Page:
Christmas is suddenly just around the corner. For intact families, the festive season means a day or two of slightly forced family-focused fun and a chance to indulge, perhaps with a side-order of squabbling and stress. But for parents who live apart from their children, the stakes may be a little higher. For many people in that position, Christmas just isn’t Christmas without seeing the kids – and that can be tricky if they have to negotiate with another parent just as keen to have them around for the big day. This tension might mean extended discussions … and unfortunately arguments between separated parents who struggle to get along.
But that’s in an ordinary year – and as we are all just a little too aware, 2020 is no ordinary year. Now separated parents have the additional pressures imposed by Covid-19 to contend with. Seeing or not seeing your children is no longer just a matter of synchronising diaries: now infection risks have to be factored in as well.
Although the government has made it clear that existing child contact arrangements should continue during the pandemic, they have also encouraged parents to take sensible steps to minimise the risk of spreading infection – for example, respecting quarantines, avoiding unnecessary journeys, and minimising the use of public transport. They have also stressed that while contact can still take place, it doesn’t have to. If one parent has a legitimate concern about infection risks from ordinary contact arrangements, they can and should raise those concerns. In the extraordinary circumstances of the pandemic, sensible co-parents will keep the lines of communication open and be willing to compromise.
If you are a separated parent, make sure you are clear about the Covid-19 restrictions which apply to your area, as well as well as the area in which your children live if that is different. When the second national lockdown ended, we returned to a three-tier system – ‘medium alert’, ‘high alert’, and ‘very high alert’. It is an unfortunate sign of the times that most of the country has been placed in the latter two tiers. A full list of the restrictions for each area is available here.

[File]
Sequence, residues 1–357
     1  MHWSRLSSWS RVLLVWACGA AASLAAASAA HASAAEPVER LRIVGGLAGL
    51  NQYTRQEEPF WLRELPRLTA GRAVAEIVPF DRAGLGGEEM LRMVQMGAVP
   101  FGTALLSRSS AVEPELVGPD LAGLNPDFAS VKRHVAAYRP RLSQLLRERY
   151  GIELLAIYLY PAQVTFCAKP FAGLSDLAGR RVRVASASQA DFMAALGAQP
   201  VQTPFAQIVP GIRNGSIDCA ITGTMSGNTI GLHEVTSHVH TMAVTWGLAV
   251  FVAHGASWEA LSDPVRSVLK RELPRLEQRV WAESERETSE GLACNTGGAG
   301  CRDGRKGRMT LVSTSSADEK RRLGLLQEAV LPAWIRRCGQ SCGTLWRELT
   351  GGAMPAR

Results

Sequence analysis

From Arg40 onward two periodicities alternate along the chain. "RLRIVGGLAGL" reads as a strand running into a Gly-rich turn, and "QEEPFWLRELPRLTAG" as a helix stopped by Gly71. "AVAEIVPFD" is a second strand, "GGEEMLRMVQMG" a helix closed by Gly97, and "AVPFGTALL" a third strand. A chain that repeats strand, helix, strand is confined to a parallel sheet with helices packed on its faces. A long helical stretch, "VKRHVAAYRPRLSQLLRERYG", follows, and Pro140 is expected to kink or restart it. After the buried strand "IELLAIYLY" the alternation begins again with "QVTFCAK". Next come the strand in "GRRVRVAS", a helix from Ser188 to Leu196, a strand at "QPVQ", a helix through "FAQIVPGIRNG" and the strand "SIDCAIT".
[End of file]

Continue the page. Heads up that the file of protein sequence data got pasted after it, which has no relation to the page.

Note, however, that these rules will change again over Christmas itself. In its announcement, the government explained that:
“The festive period is an important time for many people of all faiths and none who come together over the holidays. The UK Government and Devolved Administrations recognise that people will want to be with their friends and family over Christmas, particularly after an incredibly difficult year.”
Between the 23rd and 27th December, people can form a so-called “Christmas bubble” with a maximum of two other households. You will be able to meet with members of your bubble in private homes, places of worship or outdoor public spaces.
This temporary relaxation should allow the children of separated parents to move back and forth between their parents’ two homes a little more easily than might otherwise have been the case – and this should certainly be factored into your discussions with the other parent.
Of course there will still be a need for sensible caution and a willingness to compromise while we open presents and cook our turkeys. To quote the government announcement:
“When following these new rules, we must each continue to take personal responsibility to limit the spread of the virus and protect our loved ones, particularly if they are vulnerable. For many, this will mean that it isn’t possible to celebrate Christmas in the way you normally would.”
Image by Sergio Cabezas via Flickr (Creative Commons)